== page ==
The Centers for Disease Control and Prevention sent out its first batch of COVID-19 diagnostic test kits on February 6, equipping public health authorities around the country with what should have been the capability to rapidly test up to 50,000 Americans for the disease. That same day, two planes carrying around 350 evacuees from Wuhan, the Chinese city at the epicenter of the novel coronavirus outbreak, landed in California.
One sick passenger, who was quarantined at a military base in San Diego, initially had their test results come back negative. But less than 24 hours later, after re-testing the sample at agency headquarters in Atlanta, the CDC realized there had been a mistake, a technical snafu — the person, who had been kept in isolation as a precaution, was positive after all.
At the time, it seemed like a relatively minor mistake. More than a thousand people had already died from COVID-19 in China, but there were only about a dozen cases in the U.S. and none of them had been fatal. Dr. Nancy Messonnier, director of CDC’s National Center for Immunization and Respiratory Diseases, explained the situation to reporters by calling it a “mishap.”
“The mishap was unfortunate,” Messonnier said on February 12, “but we have corrected this from happening again in the future by adding additional quality control.”
But by February 8, it was obvious that something had gone seriously wrong with the CDC’s testing kits. Around 50 labs had received the kits, and 36 reported having issues. The problem appeared to be with chemicals known as reagents, which are used to process samples from nasal swabs for lab analysis. Unable to trust results from the kits it had just distributed, the CDC was forced to continue doing all tests in Atlanta until new reagents could be manufactured.
The CDC’s botched testing rollout, which contributed to the undetected spread of the virus, has proven to be extremely costly. There are now over 5,000 confirmed COVID-19 cases in the United States and 92 deaths. Millions of people are under orders to shelter-in-place in a desperate bid to contain the outbreak. The Trump administration has since taken steps to scale-up U.S. testing capabilities, but it remains extremely difficult even for people showing symptoms to get tested.
The testing fiasco has been the subject of intense media scrutiny in recent weeks, but the CDC still hasn’t explained exactly what went wrong and why. But with the information that is publicly available, scientists have identified a technical design flaw that could have potentially led to erroneous results — just like the American evacuee from Wuhan.
“I thought I could learn something, but it was the exact opposite. I was catching mistakes.”
“This process has not gone as smoothly as we would have liked, but there is currently no backlog for testing at CDC and since Friday, February 28, 2020, more and more state labs are coming online, increasing our public health system’s ability to detect and respond to cases,” a CDC spokesperson said in a statement to VICE News. “If a state or local public health lab partner has been/is able to validate the CDC diagnostic lab test, then we are comfortable with the accuracy of the results.”
The Department of Health and Human Services did not respond to an inquiry from VICE News, and the CDC did not address specific technical questions about what went wrong. Independent experts who spoke out about the situation cautioned that it’s impossible to say for certain what happened without more details. But there is strong evidence that suggests the CDC bungled an initial step in the testing design process that most scientists consider to be rudimentary. The task simply requires punching a sequence of letters into one of several widely available computer programs, which are designed to catch errors and ensure optimum efficiency.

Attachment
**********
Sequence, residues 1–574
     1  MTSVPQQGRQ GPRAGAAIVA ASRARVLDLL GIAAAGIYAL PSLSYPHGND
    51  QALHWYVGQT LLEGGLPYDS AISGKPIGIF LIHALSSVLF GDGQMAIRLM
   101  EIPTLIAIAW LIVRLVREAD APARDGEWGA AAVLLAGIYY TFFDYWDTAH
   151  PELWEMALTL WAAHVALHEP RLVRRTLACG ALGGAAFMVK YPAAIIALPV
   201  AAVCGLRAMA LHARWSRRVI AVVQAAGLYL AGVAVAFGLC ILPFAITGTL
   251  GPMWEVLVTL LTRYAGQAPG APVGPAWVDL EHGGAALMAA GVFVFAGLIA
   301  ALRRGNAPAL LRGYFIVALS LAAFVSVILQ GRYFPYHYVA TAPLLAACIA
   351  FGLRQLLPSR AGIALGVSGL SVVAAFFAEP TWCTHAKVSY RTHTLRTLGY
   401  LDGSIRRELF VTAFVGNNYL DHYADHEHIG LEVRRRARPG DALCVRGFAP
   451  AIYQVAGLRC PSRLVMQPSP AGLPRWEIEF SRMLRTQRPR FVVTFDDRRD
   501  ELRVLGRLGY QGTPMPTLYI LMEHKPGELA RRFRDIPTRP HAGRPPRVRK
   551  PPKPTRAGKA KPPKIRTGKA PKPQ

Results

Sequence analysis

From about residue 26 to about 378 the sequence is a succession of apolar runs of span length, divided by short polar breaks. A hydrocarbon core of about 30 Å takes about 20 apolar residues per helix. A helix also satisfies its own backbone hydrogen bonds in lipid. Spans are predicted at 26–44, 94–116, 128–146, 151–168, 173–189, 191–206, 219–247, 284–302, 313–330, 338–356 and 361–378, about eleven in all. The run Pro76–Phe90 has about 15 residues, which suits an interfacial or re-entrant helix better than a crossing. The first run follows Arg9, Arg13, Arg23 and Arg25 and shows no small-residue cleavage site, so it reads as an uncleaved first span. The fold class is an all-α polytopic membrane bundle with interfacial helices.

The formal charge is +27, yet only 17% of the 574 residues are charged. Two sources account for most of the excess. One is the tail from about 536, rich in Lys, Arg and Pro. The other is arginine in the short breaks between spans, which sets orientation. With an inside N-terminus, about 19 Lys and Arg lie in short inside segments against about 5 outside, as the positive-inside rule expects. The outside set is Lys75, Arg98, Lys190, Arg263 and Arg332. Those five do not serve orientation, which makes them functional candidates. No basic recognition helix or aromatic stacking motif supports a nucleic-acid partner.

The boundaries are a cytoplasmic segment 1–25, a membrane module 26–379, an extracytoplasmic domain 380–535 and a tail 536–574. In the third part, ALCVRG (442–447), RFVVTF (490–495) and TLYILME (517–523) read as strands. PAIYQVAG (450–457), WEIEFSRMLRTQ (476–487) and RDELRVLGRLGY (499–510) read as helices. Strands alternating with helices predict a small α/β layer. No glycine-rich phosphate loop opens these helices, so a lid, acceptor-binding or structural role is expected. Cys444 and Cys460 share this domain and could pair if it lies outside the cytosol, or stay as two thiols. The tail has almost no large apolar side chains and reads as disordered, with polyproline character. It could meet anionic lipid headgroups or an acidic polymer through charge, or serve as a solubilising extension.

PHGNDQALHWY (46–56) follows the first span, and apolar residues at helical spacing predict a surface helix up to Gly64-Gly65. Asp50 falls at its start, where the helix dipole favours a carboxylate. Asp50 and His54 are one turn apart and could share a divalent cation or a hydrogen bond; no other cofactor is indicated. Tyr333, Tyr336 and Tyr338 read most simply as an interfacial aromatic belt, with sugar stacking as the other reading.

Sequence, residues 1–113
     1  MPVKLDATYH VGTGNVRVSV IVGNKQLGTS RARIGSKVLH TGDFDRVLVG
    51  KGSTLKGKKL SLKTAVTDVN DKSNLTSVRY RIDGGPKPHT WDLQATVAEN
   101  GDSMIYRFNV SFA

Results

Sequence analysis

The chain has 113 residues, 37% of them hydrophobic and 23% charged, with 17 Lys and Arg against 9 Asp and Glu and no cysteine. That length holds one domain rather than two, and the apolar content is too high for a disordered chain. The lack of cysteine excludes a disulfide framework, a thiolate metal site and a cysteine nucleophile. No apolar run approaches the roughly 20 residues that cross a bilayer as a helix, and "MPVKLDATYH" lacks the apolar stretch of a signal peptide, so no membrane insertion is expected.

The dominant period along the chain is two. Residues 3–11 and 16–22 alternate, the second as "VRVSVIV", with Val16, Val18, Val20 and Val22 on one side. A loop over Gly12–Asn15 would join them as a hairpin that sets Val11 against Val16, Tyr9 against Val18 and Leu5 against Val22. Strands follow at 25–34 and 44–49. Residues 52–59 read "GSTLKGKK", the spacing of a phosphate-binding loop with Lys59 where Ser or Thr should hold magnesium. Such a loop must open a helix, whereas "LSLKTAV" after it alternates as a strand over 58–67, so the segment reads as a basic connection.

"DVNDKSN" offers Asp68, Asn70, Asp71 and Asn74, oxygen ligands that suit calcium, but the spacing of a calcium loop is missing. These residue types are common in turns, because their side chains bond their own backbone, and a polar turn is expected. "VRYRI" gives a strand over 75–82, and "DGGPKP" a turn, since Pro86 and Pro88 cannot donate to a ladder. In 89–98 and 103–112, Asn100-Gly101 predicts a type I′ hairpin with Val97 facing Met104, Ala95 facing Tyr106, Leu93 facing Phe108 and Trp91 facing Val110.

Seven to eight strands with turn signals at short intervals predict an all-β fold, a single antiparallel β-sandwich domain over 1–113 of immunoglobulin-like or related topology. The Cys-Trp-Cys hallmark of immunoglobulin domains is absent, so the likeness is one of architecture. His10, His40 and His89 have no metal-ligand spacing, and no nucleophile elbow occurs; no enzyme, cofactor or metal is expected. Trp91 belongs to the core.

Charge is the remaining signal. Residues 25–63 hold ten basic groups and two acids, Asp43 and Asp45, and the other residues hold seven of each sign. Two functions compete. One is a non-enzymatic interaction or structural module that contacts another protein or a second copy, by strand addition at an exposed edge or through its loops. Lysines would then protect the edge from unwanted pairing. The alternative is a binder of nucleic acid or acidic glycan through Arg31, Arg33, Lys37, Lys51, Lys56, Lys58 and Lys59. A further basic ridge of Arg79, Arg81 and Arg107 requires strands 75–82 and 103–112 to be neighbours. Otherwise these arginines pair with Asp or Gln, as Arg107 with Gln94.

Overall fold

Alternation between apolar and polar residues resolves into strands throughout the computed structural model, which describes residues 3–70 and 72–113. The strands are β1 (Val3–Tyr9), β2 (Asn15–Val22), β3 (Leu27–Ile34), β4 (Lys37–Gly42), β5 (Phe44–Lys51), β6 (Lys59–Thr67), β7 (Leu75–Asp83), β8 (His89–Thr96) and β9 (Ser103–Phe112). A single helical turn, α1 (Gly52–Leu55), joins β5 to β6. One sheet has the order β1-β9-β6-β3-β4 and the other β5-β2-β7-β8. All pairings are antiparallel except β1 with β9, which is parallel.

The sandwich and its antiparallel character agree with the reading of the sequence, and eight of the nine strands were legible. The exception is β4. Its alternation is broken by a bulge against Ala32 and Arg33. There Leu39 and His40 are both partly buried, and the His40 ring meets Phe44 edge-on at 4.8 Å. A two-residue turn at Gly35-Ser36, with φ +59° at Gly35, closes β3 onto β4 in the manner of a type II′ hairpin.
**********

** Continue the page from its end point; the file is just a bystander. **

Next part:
“It actually boggles the mind,” one expert wrote on Twitter, describing the magnitude of the CDC’s mistake.
Tomer Altman, a Stanford-trained bioinformaticist who runs his own consulting company in San Francisco, said he first noticed the problem when the CDC released guidance and resources for professionals who are involved in studying the coronavirus or testing samples.
“I was just curious,” Altman said. “I thought I could learn something, but it was the exact opposite. I was catching mistakes.”
The issue has to do with the CDC’s choice of “primers,” which are one of the reagents used in the testing process. When Altman input the CDC’s novel coronavirus primers into a computer program, he immediately realized something was wrong.
“I just put the primers as input into this program and within seconds it tells you there’s problems with it,” Altman said. “It’s freely available. It’s not hard to use at all. It’s one of those things you’d do as a basic quality control check. It seems like they hand-designed these primers and it seems like they didn’t use computer tools to check it.”
For reasons that remain unclear, the CDC opted to design its own COVID-19 test with new primers despite the fact that the World Health Organization had already approved a test developed by German scientists. The tests were in widespread use elsewhere without any of the technical problems seen in the US. South Korea, which detected its first positive case one day prior to the U.S., was conducting over 18,000 tests a day by March 3. As of March 12, the U.S. had conducted fewer than 14,000 tests total.
The COVID-19 tests use a technology called PCR (short for polymerase chain reaction), which has been around since the mid-1980s. After a sample is collected from a nasal swab, reagents are used to extract RNA, which contains the virus. Another step, known as reverse transcription, converts the RNA to DNA. The next step is when primers enter the equation.
“The CDC released primers that were, simply put, terribly designed.”
One nasal swab sample yields a multitude of DNA strands, which are essentially lines of genetic code. Primers detect specific DNA sequences within that code that are unique to the virus. There are multiple sets of primers that can be used in this process, but some work better than others. After using the primers, a scientist can process the results manually in the lab or, more commonly, use a machine to get the final result.